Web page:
“And I think that we have heard countries like Saudi Arabia, very conservative previously, actually having a more progressive statement surrounding climate change, helping to push an ambitious agreement.”
Some European climate negotiators RTCC has spoken to in the past have a less generous view of Venezuela’s climate strategy. One argued that some of the country’s efforts to block the development of market mechanisms within the UN climate convention were a “low ambition” pathway.
Another said they could be “difficult” opponents, but said Salerno should be given credit for steering the 2010 Cancun talks away from possible collapse, after Bolivia blocked proposals at the last minute.
Off the record reactions to this week’s Like Minded Group statement, of which Venezuela is a leading member, and which blamed rich countries for slowing progress at the UN talks, were equally mixed.
And it is hard to see how Chavez’s calls for environmental integrity can be balanced with Venezuela’s plans to continue exploiting its untapped reserves of oil, one of 14 ‘carbon bombs’ Greenpeace recently warned could send the world into a +2°C scenario.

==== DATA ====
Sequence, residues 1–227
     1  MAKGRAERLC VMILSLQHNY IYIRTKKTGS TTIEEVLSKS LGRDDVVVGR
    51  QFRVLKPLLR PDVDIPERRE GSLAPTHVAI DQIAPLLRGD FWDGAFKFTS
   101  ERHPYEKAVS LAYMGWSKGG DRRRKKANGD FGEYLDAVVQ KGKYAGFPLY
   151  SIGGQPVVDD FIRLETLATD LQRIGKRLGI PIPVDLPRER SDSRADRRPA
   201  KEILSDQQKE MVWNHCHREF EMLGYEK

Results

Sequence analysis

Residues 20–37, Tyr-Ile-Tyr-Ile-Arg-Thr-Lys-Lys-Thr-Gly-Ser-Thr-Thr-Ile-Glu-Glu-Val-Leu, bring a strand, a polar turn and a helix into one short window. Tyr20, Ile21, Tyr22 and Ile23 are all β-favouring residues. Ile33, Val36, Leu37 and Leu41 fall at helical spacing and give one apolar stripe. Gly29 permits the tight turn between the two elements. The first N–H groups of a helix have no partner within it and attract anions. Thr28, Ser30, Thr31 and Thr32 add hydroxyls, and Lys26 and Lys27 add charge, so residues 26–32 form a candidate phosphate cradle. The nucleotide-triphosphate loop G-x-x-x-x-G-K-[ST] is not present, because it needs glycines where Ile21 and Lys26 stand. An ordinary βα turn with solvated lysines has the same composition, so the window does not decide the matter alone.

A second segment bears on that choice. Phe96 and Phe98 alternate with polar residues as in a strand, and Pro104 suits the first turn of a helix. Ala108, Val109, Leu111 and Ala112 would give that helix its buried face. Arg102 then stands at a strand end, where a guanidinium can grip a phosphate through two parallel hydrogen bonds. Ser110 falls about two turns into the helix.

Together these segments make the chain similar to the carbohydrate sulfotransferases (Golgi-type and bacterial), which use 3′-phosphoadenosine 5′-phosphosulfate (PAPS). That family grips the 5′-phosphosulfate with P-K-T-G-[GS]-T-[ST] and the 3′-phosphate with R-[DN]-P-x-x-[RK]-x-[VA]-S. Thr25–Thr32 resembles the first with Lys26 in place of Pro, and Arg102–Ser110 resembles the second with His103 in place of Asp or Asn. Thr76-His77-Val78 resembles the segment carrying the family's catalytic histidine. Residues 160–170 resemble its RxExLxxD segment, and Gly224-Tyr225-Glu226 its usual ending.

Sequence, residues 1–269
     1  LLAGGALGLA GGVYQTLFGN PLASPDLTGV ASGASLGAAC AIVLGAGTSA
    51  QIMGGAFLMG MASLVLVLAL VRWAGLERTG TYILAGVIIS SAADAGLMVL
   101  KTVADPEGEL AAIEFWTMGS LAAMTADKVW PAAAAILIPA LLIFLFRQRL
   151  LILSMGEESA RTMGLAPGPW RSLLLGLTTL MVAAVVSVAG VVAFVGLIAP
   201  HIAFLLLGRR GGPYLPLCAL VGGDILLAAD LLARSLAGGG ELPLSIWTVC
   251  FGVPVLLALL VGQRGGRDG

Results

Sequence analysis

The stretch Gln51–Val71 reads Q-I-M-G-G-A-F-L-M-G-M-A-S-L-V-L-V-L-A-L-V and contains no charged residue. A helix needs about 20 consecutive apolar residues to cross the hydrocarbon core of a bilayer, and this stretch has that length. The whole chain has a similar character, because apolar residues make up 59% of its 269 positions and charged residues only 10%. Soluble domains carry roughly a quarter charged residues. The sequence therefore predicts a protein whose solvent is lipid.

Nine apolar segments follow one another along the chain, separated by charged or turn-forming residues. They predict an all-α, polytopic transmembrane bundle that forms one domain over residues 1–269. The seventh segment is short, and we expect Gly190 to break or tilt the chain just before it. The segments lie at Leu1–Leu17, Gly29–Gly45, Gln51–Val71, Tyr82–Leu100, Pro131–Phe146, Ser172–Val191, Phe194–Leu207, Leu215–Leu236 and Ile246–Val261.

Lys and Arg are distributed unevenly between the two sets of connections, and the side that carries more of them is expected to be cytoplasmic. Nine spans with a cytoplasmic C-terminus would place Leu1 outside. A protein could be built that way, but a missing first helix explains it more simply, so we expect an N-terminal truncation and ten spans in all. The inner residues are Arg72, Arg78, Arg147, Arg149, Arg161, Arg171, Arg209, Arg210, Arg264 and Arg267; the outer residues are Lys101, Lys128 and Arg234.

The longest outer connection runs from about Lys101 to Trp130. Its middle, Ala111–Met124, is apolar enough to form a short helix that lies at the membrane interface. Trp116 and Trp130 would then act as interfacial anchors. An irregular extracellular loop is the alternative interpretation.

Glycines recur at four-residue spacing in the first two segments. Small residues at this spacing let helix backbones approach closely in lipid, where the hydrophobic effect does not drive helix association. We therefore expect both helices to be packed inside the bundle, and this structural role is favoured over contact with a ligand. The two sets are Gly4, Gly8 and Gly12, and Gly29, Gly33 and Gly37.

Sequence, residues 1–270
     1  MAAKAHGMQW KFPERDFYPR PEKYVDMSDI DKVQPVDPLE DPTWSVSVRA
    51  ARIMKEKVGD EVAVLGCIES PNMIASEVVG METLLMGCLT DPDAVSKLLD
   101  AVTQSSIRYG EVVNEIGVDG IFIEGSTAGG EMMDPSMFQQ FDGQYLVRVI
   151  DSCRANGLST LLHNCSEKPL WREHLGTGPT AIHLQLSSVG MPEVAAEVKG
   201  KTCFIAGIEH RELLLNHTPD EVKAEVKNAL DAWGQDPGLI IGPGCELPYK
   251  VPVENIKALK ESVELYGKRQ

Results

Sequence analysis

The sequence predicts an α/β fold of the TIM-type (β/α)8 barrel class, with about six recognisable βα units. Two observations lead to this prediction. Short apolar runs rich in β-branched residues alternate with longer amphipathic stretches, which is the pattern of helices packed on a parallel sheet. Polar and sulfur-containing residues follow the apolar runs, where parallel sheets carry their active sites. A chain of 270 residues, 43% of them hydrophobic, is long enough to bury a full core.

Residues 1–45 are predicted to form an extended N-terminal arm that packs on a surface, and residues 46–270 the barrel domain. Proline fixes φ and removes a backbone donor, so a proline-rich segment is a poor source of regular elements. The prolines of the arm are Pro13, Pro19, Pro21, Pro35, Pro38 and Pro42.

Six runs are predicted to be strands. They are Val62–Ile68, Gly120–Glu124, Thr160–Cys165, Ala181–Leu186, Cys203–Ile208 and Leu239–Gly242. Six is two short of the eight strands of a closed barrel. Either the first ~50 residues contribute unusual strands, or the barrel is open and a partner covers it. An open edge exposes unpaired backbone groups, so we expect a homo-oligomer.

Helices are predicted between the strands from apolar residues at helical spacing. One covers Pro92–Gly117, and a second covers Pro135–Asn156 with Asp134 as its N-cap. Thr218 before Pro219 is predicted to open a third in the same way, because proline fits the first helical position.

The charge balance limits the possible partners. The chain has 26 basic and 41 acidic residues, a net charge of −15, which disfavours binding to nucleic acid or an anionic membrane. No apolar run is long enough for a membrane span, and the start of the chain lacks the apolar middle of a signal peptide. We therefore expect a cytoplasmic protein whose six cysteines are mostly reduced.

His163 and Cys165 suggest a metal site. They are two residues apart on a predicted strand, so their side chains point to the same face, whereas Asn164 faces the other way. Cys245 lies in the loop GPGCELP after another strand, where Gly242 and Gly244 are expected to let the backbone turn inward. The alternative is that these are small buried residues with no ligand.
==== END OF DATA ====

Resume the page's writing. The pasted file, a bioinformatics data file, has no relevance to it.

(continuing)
Latin American climate policy analyst Guy Edwards told RTCC that under Chavez the country had a “schizophrenic stance on climate change”.
“He insisted that climate change is an existential crisis, while simultaneously pushed for the development of the Orinoco’s heavy crude. Under Chavez, Venezuela’s oil dependency increased and it now obtains 94% of export earnings and over 50% of its federal budget from oil revenues.”
Edwards credits Chavez for raising “important issues of climate justice and Northern reponsibility for emissions cuts”, but says “vociferous rhetoric” has often undermined its position at the talks.
“It has sometimes used the UNFCCC as a podium to lambast the U.S. and capitalist system leading some to question whether Venezuela is using the process as a smokescreen given the lack of real action at home on climate change and its interest in protecting its oil sector from a robust treaty,” he said.
Salerno rejects this analysis, arguing that Caracas’ efforts to develop a sustainable development strategy, build the capacity of the ALBA group of Latin American countries and maintain a vocal presence within the UN climate convention deserve respect.